Signalling pathways use different messenger systems acting through specific sensors and effectors to control a great variety of cell types (Module 7: Table cell inventory). Each specialized cell type has developed control mechanisms to suit their particular functions. For example, skeletal and cardiac muscle cells have very rapid signalling mechanisms capable of driving contraction within milliseconds. Smooth muscle cells tend to act more slowly, and are far more diverse in both their function and control mechanisms. Some cells contract in a conventional way in response to an external agonist, while others have more complex control mechanisms responsible for maintaining the tonic contraction of the smooth muscle cells surrounding blood vessels.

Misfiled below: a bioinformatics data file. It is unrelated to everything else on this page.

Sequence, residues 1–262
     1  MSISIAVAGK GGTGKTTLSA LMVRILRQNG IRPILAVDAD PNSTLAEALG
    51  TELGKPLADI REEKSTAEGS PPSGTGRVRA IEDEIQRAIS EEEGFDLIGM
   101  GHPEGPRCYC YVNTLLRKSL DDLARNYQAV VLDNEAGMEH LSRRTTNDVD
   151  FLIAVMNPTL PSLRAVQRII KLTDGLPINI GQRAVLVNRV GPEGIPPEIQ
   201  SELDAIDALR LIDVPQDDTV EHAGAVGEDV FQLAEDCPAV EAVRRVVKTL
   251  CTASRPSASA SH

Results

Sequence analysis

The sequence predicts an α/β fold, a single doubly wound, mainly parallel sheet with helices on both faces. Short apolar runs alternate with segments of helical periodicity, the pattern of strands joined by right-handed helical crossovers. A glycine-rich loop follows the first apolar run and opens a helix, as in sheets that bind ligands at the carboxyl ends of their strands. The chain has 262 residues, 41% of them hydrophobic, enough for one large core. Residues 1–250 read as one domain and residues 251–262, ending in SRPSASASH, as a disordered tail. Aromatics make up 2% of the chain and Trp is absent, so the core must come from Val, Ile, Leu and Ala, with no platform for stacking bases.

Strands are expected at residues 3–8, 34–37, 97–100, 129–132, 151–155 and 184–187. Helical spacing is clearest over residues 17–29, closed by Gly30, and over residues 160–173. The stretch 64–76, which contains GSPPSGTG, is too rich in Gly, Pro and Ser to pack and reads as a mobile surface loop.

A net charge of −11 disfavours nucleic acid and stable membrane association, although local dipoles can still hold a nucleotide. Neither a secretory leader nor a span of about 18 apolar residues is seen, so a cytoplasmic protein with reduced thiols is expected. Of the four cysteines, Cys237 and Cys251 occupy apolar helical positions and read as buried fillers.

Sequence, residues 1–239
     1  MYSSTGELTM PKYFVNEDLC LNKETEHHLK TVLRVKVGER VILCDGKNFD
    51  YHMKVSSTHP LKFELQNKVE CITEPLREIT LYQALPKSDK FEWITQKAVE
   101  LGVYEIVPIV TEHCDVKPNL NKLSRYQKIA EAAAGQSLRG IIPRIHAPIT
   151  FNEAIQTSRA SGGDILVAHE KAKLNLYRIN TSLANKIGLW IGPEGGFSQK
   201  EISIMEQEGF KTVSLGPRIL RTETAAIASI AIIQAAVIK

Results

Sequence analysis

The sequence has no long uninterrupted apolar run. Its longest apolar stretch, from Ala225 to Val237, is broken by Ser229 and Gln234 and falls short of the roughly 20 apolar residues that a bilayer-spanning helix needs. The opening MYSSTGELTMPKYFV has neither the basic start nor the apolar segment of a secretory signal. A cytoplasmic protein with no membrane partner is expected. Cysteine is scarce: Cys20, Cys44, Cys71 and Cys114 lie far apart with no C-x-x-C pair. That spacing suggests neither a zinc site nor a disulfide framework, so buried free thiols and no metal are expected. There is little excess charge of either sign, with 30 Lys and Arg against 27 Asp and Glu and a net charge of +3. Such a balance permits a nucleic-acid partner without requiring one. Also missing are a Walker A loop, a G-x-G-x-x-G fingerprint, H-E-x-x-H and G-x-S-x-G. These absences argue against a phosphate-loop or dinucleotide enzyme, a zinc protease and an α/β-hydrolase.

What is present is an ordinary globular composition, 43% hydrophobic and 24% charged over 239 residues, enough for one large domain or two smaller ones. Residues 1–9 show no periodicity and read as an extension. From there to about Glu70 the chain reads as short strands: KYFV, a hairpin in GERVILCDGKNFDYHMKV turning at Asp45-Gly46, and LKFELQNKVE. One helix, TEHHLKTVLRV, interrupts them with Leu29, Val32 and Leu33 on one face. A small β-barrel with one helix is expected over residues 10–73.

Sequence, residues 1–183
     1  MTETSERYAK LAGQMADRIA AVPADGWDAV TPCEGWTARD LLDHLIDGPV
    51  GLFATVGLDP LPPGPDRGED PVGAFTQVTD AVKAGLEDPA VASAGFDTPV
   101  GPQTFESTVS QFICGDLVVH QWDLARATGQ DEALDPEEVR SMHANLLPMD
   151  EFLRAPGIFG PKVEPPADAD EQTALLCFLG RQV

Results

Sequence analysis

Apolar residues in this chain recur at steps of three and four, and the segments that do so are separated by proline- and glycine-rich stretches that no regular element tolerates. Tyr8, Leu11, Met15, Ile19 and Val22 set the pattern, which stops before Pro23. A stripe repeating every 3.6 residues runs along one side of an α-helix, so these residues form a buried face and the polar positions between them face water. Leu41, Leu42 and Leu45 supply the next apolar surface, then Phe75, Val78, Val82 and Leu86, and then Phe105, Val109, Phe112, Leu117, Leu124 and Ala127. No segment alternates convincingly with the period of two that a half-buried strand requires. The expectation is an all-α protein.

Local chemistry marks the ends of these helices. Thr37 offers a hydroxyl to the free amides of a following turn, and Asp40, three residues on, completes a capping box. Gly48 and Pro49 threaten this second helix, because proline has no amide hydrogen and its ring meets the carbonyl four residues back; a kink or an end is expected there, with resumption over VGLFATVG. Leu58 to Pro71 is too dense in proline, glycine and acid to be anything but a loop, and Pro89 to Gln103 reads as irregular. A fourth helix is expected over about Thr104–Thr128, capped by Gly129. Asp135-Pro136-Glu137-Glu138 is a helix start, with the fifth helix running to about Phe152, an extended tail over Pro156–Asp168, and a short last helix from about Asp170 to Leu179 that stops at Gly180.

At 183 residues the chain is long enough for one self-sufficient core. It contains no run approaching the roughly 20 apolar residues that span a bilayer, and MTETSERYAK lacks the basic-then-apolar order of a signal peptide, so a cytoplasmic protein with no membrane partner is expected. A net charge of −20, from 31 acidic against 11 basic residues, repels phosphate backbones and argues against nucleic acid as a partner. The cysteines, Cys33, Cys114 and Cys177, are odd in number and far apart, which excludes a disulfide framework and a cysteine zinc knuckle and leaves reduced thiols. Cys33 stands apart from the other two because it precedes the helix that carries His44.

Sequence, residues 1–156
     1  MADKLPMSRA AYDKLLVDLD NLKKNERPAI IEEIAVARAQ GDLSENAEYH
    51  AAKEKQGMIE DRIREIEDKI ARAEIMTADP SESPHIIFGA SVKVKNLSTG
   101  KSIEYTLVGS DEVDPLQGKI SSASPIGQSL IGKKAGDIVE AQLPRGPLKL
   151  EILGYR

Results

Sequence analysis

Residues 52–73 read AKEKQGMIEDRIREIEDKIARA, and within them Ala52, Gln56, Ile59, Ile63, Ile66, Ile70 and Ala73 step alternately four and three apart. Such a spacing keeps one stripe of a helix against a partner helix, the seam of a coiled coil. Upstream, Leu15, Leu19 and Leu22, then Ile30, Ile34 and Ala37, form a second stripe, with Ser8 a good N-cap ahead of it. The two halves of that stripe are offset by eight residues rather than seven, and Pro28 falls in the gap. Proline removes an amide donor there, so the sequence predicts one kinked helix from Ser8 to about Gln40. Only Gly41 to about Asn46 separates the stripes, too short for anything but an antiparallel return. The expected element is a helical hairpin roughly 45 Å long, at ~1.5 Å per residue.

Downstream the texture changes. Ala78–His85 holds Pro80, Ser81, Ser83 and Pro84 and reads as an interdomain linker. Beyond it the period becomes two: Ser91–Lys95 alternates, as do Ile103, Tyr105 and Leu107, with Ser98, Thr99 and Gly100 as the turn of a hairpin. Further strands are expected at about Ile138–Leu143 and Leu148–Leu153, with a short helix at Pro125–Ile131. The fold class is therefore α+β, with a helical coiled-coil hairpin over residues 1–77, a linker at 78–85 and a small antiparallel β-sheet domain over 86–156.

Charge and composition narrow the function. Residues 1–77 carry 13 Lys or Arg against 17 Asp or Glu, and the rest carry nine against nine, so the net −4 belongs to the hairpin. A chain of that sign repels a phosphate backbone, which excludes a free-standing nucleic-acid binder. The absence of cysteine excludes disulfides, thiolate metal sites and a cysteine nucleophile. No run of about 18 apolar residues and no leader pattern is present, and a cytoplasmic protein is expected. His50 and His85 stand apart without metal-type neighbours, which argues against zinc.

Another example is cell secretion, where there is similar diversity in function and control. Preformed secretory products packaged into vesicles are released through a process of exocytosis. In exocrine glands and the intestine, there is a process of fluid secretion that depends upon the active transport of ions to provide the driving force for a parallel flow of water. Secretion is evident in many different cell types and cellular processes, such as transmitter release during presynaptic events in neurons, enzyme and fluid secretion by pancreatic acinar cells, release of insulin by insulin-secreting β-cells and inflammatory mediators by mast cells.
Many of these mammalian cell types are controlled by more than one signalling pathway, and the object here is to understand how signalling pathways and their downstream sensors and effectors function to bring about a change in cellular activity in some typical examples of specialized cell types.
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